What I did when my brother called me self-centred: Or, a better way to deal with feedback

Last week, in one of our regular lockdown phone calls, my older brother Andrew called me self-centred.

Not in an angry, bitter or attacking way. Just casually, in passing. Like it was an afterthought at the end of his story about a trip to the supermarket, which had resulted in some good deals on mince.

At first I asked him to repeat what he had just said; surely I had misheard. Our phone connection must be poor. (DENIAL MODE).

Next, when I found out I had indeed heard right, I became deeply wounded.

“How could you even SAY that about me?” (BOTTOM LIP TREMBLING, VICTIM MODE)

Next, I quickly moved into indignation.

“I can’t believe you’re ACTUALLY saying that about me! Me? Self-centred?! I am the LEAST self-centred person I know!” (DENIAL MODE, again).

Finally, I moved into ATTACK MODE: “Now hang on a minute bro. You’re waaay more self-centred than me! What about the time you…?”

He was saved from this ongoing piteous performance by my husband sauntering into the room and laughingly agreeing with my brother that,

“Yes, you are just a teensy weensy bit… well… self-centred…” (Brave man).

“In an entirely adorable and innocuous way, of course!” (Wise man).

I took a deep breath and recalled what I’d learnt from the very savvy Harvard researcher, Tasha Eurich in her fantastic book on this subject, Insight: The Surprising Truth About How Others See Us, How We See Ourselves, and Why the Answers Matter More Than We Think. Eurich states,

 “…to figure out what is worth listening to, a good rule of thumb is to look at how pervasive a particular behaviour is. Feedback from one person is a perspective; feedback from two people is a pattern. Feedback from three or more people is likely to be as close to a fact as you can get.”

I decided I had better “lean in” and practice what I preach. Pull up my coach socks and adopt Eurich’s three-step approach, which I’ve slightly adapted. If I didn’t, my brother might like to add “hypocrite” and “bad leadership coach” to that so-called list of ‘Suzi’s failings that she denies’.

If you’re curious about what these three steps are that you should take (and that I didn’t) when you next receive feedback that stings, here they are.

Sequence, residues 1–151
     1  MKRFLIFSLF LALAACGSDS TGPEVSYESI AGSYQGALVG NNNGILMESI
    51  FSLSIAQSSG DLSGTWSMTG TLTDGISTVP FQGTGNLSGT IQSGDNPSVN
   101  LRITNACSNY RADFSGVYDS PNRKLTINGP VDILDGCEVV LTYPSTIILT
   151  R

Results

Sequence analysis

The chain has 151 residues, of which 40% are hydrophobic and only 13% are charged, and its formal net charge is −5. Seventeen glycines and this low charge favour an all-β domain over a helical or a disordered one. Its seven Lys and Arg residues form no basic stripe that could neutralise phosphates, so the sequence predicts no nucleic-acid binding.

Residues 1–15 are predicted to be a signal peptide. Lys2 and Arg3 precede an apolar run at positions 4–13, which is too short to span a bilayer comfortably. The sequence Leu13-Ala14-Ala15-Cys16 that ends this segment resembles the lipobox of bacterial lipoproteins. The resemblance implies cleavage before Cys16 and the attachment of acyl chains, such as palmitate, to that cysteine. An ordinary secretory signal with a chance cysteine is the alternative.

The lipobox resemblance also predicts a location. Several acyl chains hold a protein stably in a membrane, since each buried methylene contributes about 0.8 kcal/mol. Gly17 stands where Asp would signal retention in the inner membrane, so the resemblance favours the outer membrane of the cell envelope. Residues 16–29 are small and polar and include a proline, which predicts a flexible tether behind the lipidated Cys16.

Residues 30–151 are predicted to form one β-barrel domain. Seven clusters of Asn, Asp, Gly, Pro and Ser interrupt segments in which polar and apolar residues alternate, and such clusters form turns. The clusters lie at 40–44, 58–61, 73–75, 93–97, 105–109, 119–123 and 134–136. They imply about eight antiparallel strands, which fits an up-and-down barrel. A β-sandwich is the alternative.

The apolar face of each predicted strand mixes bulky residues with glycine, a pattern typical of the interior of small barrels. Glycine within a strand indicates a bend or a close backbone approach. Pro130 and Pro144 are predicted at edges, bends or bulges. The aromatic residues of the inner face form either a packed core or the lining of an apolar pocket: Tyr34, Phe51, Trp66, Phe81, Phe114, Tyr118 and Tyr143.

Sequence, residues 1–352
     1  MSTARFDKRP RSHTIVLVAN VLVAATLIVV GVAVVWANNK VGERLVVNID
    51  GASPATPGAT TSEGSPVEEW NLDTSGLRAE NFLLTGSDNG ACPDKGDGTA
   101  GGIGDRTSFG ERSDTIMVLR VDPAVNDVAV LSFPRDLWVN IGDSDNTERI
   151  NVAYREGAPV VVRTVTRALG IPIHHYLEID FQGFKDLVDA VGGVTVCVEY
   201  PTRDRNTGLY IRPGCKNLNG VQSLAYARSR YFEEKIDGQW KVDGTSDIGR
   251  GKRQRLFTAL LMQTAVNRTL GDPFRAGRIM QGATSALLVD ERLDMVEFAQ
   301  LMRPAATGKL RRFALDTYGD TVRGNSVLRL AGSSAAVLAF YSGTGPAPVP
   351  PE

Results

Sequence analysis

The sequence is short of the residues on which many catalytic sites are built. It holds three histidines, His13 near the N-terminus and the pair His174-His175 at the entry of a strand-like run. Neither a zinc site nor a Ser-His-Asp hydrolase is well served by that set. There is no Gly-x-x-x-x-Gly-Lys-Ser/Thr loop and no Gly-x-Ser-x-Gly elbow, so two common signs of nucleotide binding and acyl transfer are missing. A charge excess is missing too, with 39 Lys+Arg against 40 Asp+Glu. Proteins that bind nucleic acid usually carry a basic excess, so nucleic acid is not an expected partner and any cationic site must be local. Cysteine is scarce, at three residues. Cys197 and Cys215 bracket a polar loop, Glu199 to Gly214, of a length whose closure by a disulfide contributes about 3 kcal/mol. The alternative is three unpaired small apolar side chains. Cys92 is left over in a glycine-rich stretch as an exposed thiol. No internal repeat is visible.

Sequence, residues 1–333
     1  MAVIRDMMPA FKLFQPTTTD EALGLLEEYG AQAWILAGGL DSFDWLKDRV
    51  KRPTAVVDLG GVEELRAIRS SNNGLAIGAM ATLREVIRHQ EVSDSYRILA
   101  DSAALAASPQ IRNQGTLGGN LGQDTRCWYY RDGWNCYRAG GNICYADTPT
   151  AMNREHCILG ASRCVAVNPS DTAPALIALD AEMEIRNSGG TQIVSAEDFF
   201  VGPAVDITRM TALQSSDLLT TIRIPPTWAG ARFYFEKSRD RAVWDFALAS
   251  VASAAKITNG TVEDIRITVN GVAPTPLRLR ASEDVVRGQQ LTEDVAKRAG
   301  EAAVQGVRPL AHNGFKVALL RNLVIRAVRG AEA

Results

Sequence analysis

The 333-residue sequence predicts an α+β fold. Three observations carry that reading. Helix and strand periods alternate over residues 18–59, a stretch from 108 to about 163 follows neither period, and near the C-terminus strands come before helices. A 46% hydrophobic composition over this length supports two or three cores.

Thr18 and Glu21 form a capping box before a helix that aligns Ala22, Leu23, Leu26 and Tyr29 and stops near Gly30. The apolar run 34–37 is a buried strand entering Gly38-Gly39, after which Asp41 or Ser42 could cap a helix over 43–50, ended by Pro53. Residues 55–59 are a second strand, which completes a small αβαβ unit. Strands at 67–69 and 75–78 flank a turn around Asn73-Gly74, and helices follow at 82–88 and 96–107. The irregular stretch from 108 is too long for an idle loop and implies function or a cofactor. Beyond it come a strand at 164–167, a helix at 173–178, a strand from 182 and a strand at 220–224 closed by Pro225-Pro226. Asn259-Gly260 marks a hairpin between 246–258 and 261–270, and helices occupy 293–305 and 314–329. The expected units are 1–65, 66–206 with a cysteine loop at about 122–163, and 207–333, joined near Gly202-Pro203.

1. Receive – which involves active listening, checking your understanding of what you have heard, and thanking the person giving you this tough feedback.
  2. Reflect – which involves asking (gently, curiously, NOT like one of Redding’s interrogations from The Blacklist) to probe them further in order to increase your understanding – all the while, mirroring and paraphrasing back to them what you’re hearing.
  3. Respond – which involves taking time to integrate the feedback and then circling back to that person in some way.

I’m now actively studying these three steps again, along with googling “what does self-centred really mean?” So, let’s take a closer look at these three steps…

STEP 1: RECEIVE – Active listening, checking your understanding and thanking them.

Mastering feedback starts with listening well. This means showing the person giving you feedback that you’re hearing – without judgement – what you’re being told. Hard to do? Well, yes – just look at my own bumbling emotional response to my brother.

Active listening, although difficult when you’re hearing feedback that you have an issue with, has two vital benefits:

  1. By immersing yourself in practicing this important skill, it engages your analytical (thinking) brain with the need to deconstruct their communication. This creates distance from your amygdala (your emotional or reptilian brain) that may otherwise want to jump in and defend itself, Suzi style.
  2. You’re so busy engaging with what you’re hearing (Wondering: “What’s the key message I’m hearing? Is there any emotion here? How am I going to summarise this?”) that you don’t have time to think about a – possibly ill-judged – response.

The next part of this step is to repeat back what you think you’ve heard, regardless of whether you agree with it not. Harder to do than it might sound. How do you best do this? Summarise the key message(s) you’ve heard and reflect it (or them) back as concisely as possible, along with any emotional intensity (theirs, not yours).

Thank/recognise the giver

This part can actually precede the first bit, if you choose. If you want to encourage people to give you ‘difficult to hear, but important for you to know’ feedback about yourself – and as a leader, you should always be looking to do this –  it’s pretty important that you thank the person giving you the feedback.

That they plucked up the courage to give you challenging feedback takes nerve on their part. Doubly so, if you’re further up the food chain in the organisation.

Thank them irrespective of the content of the feedback, and whether you agree with it or not. Even if it’s delivered in a bumbling or unskilled manner, as it will be in many cases. If you don’t genuinely thank them, they’re unlikely to try again, which will cut off your access to this invaluable information.

Extra tip: Don’t correct them at this stage (Or ever actually; it’s their perception).

If the feedback-giver shared something you believe to be incorrect, now is not the time to point that out. Do that in a later interaction, or after some reflection. Or – much better yet – show them they are mistaken by your subsequent actions, which is undoubtedly more powerful than attempting to tell them they are mistaken.